QB's explosion keys Husker victoryBy Terry Douglass / The Independent
SEATTLE - The matchup between the Nebraska running game and the Washington defense looked to be the classic case of the unstoppable force against the immovable object.
But as it turned out, the No. 7-ranked Cornhuskers kindly pushed that immovable object up and down the field to post a 27-14 victory over second-ranked Washington Saturday before a crowd of 74, 023 at Husky Stadium.
All three starting members of the Husker backfield nearly enjoyed 100-plus-yard rushing days. Ahman Green ran for 129 yards on 29 carries, fullback Joel Makovicka rumbled for 129 yards on 12 tries and quarterback Scott Frost netted 97 yards in 18 attempts. Frost was over the 100-yard mark before being taking some losses late in the game.
"Offensively, I thought we did a great job of banging them off the ball," Nebraska head coach Tom Osborne said. "Our backs ran hard and I thought Ahman Green played well. Joel Makovicka had a great ballgame and Scott Frost played a great football game."
Osborne said Nebraska's performance was just a case of sticking with what's been working for his team in the past.
"I think a lot had been made of their rushing defense - and I think it's good - but you've got to remember they played a couple of teams that make a living throwing the football," Osborne said. "We spend a lot of time running the ball. We're very physical and we practice that way. We told our players that it was going to be critical offensively that we run the football."
The Husker running attack showed its dominance right out of the gate. After Washington's Randy Jones missed on a 33-yard field goal try, NU marched the ball right down the field, without using a forward pass for a touchdown.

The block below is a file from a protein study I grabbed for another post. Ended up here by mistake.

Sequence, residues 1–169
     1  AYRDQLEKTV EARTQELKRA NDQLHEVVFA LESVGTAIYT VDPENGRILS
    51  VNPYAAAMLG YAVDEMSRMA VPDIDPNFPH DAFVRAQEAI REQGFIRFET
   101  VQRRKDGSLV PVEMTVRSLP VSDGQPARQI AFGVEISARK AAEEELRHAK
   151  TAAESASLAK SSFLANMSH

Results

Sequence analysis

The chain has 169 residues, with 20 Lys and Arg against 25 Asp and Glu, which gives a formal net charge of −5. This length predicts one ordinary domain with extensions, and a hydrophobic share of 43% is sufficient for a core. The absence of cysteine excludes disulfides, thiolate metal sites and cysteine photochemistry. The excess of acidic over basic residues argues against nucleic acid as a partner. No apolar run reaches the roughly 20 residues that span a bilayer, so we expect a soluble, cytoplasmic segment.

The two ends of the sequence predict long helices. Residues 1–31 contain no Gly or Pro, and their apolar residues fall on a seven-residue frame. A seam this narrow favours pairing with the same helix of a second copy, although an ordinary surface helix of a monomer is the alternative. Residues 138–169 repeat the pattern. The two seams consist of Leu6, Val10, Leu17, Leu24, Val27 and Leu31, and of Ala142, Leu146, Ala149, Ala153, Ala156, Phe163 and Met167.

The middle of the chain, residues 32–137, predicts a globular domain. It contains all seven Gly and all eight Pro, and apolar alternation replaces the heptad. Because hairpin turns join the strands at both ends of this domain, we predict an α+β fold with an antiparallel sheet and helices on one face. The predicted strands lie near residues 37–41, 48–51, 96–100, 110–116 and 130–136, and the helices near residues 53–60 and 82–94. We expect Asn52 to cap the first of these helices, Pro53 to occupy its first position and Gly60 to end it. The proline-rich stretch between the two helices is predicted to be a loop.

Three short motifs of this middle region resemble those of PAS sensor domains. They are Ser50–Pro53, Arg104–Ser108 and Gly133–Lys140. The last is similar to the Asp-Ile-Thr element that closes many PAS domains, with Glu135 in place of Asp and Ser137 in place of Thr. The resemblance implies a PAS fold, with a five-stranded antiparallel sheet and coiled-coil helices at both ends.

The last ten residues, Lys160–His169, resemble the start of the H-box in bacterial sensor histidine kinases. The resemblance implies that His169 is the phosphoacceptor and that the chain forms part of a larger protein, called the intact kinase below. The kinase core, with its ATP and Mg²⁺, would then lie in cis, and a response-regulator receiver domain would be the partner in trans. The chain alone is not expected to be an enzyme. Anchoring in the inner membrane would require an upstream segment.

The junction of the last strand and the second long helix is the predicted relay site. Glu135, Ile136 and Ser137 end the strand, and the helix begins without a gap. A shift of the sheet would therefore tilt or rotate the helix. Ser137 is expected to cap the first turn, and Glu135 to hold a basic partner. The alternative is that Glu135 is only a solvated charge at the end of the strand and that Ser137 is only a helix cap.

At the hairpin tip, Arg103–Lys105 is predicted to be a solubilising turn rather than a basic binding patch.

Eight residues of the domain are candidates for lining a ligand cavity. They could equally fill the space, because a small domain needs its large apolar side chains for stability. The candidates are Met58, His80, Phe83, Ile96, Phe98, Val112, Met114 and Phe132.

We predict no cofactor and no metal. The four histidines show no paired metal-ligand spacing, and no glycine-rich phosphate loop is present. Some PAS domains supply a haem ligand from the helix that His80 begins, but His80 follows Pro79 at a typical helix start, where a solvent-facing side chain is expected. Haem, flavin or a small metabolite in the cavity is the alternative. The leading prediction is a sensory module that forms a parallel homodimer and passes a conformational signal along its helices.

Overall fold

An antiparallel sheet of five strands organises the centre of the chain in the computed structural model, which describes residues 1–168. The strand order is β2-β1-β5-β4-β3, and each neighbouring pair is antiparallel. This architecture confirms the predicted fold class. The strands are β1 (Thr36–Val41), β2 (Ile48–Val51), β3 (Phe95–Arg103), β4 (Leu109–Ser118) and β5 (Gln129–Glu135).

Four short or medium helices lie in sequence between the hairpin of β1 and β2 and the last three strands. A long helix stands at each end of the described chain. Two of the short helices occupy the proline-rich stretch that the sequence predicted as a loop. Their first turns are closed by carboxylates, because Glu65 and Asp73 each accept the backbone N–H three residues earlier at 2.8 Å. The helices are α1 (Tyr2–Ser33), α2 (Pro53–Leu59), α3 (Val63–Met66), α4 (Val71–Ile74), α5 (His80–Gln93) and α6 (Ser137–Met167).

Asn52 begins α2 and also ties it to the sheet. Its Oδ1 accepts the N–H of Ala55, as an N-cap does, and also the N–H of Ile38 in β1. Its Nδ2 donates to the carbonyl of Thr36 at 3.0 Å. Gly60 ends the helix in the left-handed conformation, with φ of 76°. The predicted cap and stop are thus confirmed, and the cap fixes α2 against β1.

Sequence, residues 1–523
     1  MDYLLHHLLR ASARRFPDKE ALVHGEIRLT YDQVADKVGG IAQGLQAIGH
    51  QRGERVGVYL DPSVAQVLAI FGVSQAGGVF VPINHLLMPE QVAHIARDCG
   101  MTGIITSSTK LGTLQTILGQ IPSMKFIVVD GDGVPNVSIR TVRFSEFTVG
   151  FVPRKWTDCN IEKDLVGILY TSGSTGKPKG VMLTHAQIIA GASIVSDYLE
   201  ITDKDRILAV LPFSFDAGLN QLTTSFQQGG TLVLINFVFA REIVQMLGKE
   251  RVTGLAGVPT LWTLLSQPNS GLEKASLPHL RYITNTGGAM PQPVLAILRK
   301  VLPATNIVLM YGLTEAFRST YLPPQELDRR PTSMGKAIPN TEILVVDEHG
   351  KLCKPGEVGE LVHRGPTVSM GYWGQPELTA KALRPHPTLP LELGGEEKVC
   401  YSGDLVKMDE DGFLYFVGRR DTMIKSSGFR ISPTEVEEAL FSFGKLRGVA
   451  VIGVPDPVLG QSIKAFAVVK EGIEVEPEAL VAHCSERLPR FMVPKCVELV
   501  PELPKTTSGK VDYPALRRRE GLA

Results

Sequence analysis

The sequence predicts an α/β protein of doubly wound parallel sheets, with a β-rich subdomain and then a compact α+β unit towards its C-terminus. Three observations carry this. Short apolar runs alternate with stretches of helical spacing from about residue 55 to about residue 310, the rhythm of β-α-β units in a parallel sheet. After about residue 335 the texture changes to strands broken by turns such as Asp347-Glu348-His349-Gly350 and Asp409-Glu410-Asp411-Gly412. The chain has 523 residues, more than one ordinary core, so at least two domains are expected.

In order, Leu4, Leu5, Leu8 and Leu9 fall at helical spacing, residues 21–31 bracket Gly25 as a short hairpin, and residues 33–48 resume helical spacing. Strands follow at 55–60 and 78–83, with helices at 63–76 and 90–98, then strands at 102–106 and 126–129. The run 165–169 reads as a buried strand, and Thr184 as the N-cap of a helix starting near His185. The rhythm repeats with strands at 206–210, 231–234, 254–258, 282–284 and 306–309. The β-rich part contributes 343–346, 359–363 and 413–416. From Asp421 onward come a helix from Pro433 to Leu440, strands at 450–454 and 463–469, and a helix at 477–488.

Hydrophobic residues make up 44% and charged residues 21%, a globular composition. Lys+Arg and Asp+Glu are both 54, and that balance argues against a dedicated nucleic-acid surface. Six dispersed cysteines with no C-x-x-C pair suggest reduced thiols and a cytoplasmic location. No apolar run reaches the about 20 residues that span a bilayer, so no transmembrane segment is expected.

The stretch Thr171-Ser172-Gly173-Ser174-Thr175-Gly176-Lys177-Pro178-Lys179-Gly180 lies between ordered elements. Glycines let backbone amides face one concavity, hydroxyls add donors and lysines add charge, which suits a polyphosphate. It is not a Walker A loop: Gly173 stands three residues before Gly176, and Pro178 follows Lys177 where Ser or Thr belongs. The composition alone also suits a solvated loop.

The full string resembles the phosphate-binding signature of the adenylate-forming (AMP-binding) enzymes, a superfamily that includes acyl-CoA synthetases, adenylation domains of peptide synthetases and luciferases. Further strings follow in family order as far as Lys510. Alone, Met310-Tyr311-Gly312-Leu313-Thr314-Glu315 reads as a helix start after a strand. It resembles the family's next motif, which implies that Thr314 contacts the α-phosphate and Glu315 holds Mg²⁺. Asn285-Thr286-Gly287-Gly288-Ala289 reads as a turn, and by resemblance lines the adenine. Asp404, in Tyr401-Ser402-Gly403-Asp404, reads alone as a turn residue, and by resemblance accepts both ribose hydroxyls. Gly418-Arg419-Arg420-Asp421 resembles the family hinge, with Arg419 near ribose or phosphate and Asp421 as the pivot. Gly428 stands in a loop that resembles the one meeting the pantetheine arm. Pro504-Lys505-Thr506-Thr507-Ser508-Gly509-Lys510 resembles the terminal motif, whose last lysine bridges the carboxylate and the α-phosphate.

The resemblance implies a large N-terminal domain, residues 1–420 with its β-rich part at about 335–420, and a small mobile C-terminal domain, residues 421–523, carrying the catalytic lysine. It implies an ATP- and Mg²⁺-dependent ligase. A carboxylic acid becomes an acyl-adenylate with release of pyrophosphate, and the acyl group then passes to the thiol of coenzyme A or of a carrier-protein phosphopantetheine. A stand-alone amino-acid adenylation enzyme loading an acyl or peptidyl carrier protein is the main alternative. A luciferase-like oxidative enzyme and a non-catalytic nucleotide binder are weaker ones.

The big play came on Frost's first carry of the game as he faked the handoff to his fullback up the middle, pulled the ball and then followed Green through the hole for a 34-yard scoring run. Kris Brown's point-after kick gave NU a 7-0 lead with 7:28 left in the first period and capped a six-play, 80-yard drive that lasted 2:28.
Frost, who had been booed by some members of Nebraska's crowd in a Sept. 13 game against Central Florida, struck again later in the quarter. On a quarterback draw, which originally looked to be going nowhere, Frost eluded one Husky tackler in the backfield and sprinted 30 yards to the end zone for a TD and a 14-0 Cornhusker advantage with 1:15 remaining in the first quarter.
Osborne said both of Frost's TD runs came on plays that Nebraska hadn't run in its first two games.
"We held a lot of things back against our first two opponents," Osborne said. "A week ago, about the fourth quarter, we weren't sure whether we'd be able to hold them or not. But there were a few things we had worked on with Washington in mind that we didn't have to show and some of those things worked.
"I think on the first one, several people went after the trap and he just broke off tackle and ran. The other one was really a good run. I think he eluded a few people and may a great run. The second run was a quarterback draw. It wasn't a big deal, but it was something that Central Florida hurt us with last week a little bit and we decided we liked the looks of that, so we put it in."
After stalling for one drive earlier in the second quarter, Nebraska again found the end zone with 7:20 left before halftime. This time it was Green scoring a 4-yard TD on an option play. Frost's 14-yard pass to freshman Matt Davison on a third-and-6 play kept the drive alive.
Green said he knew he would have to raise his level of play against the Huskies.
"I had to run tougher because this is a tough defense," Green said. "That was the plan - truck it right up the field going right up against their defense. That's what we practiced for and that's what we accomplished.
"We saw that was a little weakness of theirs in terms of filling the gap against the fullback," Green said. "That was something that coach Osborne, (NU running backs coach Frank) Solich and the offense line just focused on and we pounded it to them in the first half."